May 9, 2017 / 5:10 PM / 3 years ago

Commentary: What Sally Yates knew

It’s been 70 years since Congress has heard testimony about the Kremlin’s influence on America akin to what former acting Attorney General Sally Yates just delivered. You’d have to go back to March 1947, when J. Edgar Hoover charged that Moscow was burrowing into the pillars of the U.S. government – and that President Harry Truman was failing to take the threat seriously.

Former Deputy Attorney General Sally Yates is sworn in prior to testifying before a Senate Judiciary Committee hearing on “Russian interference in the 2016 U.S. election” on Capitol Hill in Washington, U .S., May 8, 2017. REUTERS/Jim Bourg

In secret, the FBI was pursuing cases of the utmost gravity: Spies had penetrated the State Department and the project to build the atomic bomb. In public, Hoover pledged “unrelenting prosecution” of subversives and asked Congress for “public disclosure of the forces that threaten America.”

Judging from Yates’ testimony, the Justice Department and the FBI determined in January that Moscow had a potential agent of influence inside the Oval Office: the national security adviser, retired Lt. General Michael T. Flynn. They had decided that Flynn’s conduct – his repeated lying, his deepening secrecy, his shady finances – were a threat to America. “The national security adviser essentially could be blackmailed by the Russians,” Yates testified.

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It is hard to convey the level of alarm this would raise in the mind of the chief law enforcement officer of the United States – which Yates was, briefly, before President Donald Trump fired her at the end of January – or the fear it would inflict at the FBI. Suppose your boss hired someone whom you suspected might be a made member of the mob.

Worse, if it could be worse, in the days before and after Trump’s inauguration, Flynn was lying to his superiors about the nature of his dialogues with Moscow’s ambassador – and they either didn’t know or didn’t care about the nefariousness of his denials.

Vice President Mike Pence, among others, publicly repeated the lie – Flynn’s insistence that he had not discussed the stiff sanctions Washington slapped on Moscow for its malicious meddling in the 2016 presidential election. The Justice Department and the FBI had rock-solid evidence to the contrary.

The Russian embassy in Washington is bugged by American intelligence, and it has been since Hoover’s heyday. Flynn was on tape. Moreover, the Russians therefore knew he was lying up and down the chain of command. That’s kompromat – Russian for compromising information – and that’s how hostile intelligence services twist arms.

At Yates’ hearing Senator Amy Klobuchar asked bluntly: “If a high-ranking national security official is caught on tape with a foreign official saying one thing in private and then caught in public saying another thing to the vice president, is that material for blackmail?”

“Certainly,” Yates said.

Yates had an increasingly urgent series of talks with the Trump White House counsel, Don McGahn, starting on Jan. 26. During their second in-person meeting he asked her: “Why does it matter to DOJ if one White House official lies to another?” I suspect that question may haunt the Trump White House: national security, intelligence, the power of government secrecy itself are all based on trusting one another.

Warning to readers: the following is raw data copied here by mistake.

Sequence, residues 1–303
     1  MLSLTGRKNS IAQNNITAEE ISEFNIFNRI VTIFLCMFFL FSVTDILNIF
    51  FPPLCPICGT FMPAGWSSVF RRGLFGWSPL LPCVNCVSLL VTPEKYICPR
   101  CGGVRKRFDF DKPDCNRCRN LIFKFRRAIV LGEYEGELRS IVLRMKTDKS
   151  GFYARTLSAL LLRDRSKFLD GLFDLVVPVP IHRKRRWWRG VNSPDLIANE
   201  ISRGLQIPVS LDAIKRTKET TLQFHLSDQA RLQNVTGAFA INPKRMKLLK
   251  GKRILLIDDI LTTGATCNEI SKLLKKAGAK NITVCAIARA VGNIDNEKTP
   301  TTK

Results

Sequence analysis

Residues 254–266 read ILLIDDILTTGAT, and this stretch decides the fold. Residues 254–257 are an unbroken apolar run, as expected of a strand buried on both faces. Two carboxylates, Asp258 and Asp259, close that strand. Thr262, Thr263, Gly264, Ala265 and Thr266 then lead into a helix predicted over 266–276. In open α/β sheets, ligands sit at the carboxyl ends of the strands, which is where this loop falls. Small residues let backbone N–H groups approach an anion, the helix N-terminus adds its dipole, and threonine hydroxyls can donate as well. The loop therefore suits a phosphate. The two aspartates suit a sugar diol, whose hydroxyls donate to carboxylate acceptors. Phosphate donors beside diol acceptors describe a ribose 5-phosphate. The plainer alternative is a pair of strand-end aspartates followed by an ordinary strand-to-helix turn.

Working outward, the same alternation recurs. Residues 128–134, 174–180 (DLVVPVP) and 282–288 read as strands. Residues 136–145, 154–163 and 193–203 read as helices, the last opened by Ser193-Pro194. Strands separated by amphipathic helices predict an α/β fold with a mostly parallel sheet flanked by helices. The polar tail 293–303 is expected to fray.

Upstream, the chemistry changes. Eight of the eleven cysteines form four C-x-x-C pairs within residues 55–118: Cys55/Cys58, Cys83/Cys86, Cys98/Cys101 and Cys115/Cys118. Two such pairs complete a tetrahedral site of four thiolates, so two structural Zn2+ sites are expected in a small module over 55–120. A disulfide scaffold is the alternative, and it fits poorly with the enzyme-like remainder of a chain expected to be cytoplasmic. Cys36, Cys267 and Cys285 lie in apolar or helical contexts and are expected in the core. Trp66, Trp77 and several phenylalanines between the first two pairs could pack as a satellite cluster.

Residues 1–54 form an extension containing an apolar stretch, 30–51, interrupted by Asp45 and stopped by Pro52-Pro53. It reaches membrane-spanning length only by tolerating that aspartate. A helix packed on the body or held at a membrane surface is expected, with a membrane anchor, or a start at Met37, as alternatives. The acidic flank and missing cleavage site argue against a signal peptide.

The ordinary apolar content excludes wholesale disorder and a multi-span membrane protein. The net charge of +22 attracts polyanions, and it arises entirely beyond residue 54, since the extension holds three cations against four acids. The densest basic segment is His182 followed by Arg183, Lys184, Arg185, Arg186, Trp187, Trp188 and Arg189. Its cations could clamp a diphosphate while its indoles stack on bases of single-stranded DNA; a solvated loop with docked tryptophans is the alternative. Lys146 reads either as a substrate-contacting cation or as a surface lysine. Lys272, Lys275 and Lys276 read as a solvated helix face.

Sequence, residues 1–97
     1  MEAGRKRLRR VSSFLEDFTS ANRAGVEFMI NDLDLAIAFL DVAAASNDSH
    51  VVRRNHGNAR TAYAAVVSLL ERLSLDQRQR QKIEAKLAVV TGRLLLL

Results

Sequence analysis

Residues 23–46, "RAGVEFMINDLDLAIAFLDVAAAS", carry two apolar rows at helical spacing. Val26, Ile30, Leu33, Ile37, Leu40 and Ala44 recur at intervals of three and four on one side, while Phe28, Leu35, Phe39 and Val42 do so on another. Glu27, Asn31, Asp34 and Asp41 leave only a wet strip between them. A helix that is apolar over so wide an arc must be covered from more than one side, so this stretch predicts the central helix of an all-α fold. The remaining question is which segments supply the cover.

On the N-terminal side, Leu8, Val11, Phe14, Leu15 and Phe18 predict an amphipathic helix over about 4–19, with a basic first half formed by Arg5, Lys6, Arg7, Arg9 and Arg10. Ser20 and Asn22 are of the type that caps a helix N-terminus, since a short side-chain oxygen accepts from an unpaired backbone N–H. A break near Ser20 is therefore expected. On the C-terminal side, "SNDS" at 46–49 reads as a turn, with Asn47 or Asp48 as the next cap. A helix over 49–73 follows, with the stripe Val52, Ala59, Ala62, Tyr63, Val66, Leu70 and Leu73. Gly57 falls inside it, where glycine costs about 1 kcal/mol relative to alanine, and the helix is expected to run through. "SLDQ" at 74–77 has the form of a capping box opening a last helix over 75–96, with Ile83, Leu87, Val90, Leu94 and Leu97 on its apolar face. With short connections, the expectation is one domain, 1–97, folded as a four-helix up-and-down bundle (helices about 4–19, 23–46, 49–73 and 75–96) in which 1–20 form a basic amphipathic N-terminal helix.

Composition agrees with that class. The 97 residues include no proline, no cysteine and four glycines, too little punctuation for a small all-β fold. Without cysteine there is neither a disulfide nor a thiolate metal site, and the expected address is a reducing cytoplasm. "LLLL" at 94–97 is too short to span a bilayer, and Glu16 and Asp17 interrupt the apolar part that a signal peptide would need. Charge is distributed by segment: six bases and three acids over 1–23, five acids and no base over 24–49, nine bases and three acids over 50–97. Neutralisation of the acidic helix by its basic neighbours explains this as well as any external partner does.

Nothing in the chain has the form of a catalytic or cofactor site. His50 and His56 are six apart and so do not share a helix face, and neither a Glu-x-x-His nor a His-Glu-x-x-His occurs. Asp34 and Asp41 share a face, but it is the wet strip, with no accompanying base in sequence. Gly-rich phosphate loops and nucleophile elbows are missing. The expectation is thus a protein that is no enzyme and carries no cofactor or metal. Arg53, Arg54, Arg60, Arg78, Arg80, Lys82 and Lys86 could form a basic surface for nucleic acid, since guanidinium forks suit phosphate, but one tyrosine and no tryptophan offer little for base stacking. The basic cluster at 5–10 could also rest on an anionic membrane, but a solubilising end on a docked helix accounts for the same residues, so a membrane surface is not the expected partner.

First, Yates explained to him, it mattered that Flynn “lied to the vice president and others,” because, as a consequence, “the American public had been misled.” Then, she continued, “every time this lie was repeated and the misrepresentations were getting more and more specific… it increased the compromise and, to state the obvious, you don’t want your national security adviser compromised with the Russians.”

To make matters worse, she told McGahn, “General Flynn had been interviewed by the FBI” three days earlier, presumably on the subjects of his secret diplomacy and his undisclosed payments from RT, the Russian propaganda outlet subsidized by the Kremlin.

How’d he do? McGahn asked. Yates declined to say. This could not have comforted the White House counsel. “I was intending to let him know that Michael Flynn had a problem on a lot of levels,” Yates testified. As she told the senators, lying to the FBI is punishable by up to five years in prison.

What continues to astonish, although the subject barely was broached at the hearing, is that Flynn served in good standing and apparent high repute at the White House for more than two weeks after all this took place. It took the Washington Post reporting on Flynn’s dialogues with the Russian diplomat – and his bold lies about them – to force him out in February.

The only aspect more appalling is what the president of the United States had to say about all this that week: "General Flynn is a wonderful man. I think he has been treated very, very unfairly by the media, as I call it, the fake media in many cases. And I think it is really a sad thing that he was treated so badly."

The Yates hearing was a foretaste of what promises to be a summer of inquiry in Washington. The foundations of our free republic were attacked last year. Moscow tried to destabilize American democracy. It achieved that aim. Did Americans aid and abet it? Did their commander-in-chief condone it? We’re going to have to depend on the FBI, the press and Congress if we hope to get an answer.

About the Author

Tim Weiner is a Pulitzer Prize-winning reporter. His books include "Legacy of Ashes: The History of the CIA."

The views expressed in this article are not those of Reuters News.

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